A lone Micro:bit costs £13, while a starter bundle with battery pack, USB cable and a handful of introductory activities goes for £15 -- you can also get 10 of these for a discounted price of £140. Beyond these official options, there are several kits available at retailers for more elaborate projects, though element14 is the place to go for bulk orders.
The Micro:bit is small microcomputer with programmable buttons, an LED array, various sensors, several I/O rings and Bluetooth connectivity. Developed by the BBC with the help of many partners including Microsoft, Samsung and ARM, it was initially intended to introduce children to the basics of coding and computing. You only have to look at the incredibly popular Raspberry Pi boards to see there's an appetite for cheap hardware you can tinker with at home, however, so the plan was always to make Micro:bits more widely available.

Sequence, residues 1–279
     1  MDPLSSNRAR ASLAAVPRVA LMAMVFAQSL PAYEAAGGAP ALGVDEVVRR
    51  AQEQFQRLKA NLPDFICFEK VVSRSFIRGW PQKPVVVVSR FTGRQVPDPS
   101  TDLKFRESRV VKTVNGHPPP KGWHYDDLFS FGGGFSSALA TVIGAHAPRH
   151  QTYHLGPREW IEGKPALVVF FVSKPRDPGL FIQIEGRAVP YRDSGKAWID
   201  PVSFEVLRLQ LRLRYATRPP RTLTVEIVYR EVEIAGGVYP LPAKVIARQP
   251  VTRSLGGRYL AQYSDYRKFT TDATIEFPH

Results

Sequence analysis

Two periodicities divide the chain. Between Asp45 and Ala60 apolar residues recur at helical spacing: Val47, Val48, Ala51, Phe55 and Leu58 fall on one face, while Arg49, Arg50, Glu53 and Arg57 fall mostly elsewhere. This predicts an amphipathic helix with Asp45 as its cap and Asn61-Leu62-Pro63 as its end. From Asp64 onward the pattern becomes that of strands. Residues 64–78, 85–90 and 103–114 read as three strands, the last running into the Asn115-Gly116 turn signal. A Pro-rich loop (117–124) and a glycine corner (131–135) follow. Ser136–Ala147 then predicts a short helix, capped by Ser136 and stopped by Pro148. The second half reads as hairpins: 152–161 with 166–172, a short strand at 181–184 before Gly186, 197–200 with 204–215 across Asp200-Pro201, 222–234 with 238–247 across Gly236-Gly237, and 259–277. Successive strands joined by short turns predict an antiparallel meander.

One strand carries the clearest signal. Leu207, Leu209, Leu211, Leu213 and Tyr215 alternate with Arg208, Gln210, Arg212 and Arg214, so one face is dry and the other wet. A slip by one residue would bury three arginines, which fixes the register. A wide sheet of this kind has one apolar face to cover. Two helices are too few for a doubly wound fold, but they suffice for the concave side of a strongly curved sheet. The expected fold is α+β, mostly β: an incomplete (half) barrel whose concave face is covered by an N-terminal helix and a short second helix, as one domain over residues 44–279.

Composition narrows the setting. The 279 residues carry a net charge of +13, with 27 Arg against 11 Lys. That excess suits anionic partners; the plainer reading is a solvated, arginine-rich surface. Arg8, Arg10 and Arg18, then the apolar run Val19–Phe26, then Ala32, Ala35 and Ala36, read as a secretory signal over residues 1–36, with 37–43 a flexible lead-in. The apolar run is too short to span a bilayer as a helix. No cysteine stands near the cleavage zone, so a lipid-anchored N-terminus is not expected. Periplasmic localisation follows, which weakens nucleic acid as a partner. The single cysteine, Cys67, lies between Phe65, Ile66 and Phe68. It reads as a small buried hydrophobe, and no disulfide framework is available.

Now anyone can pre-order the device, but better yet, there's a wealth of resources available for free online to help you master the Micro:bit, including apps for iOS and Android that mean you only need a smartphone to get started.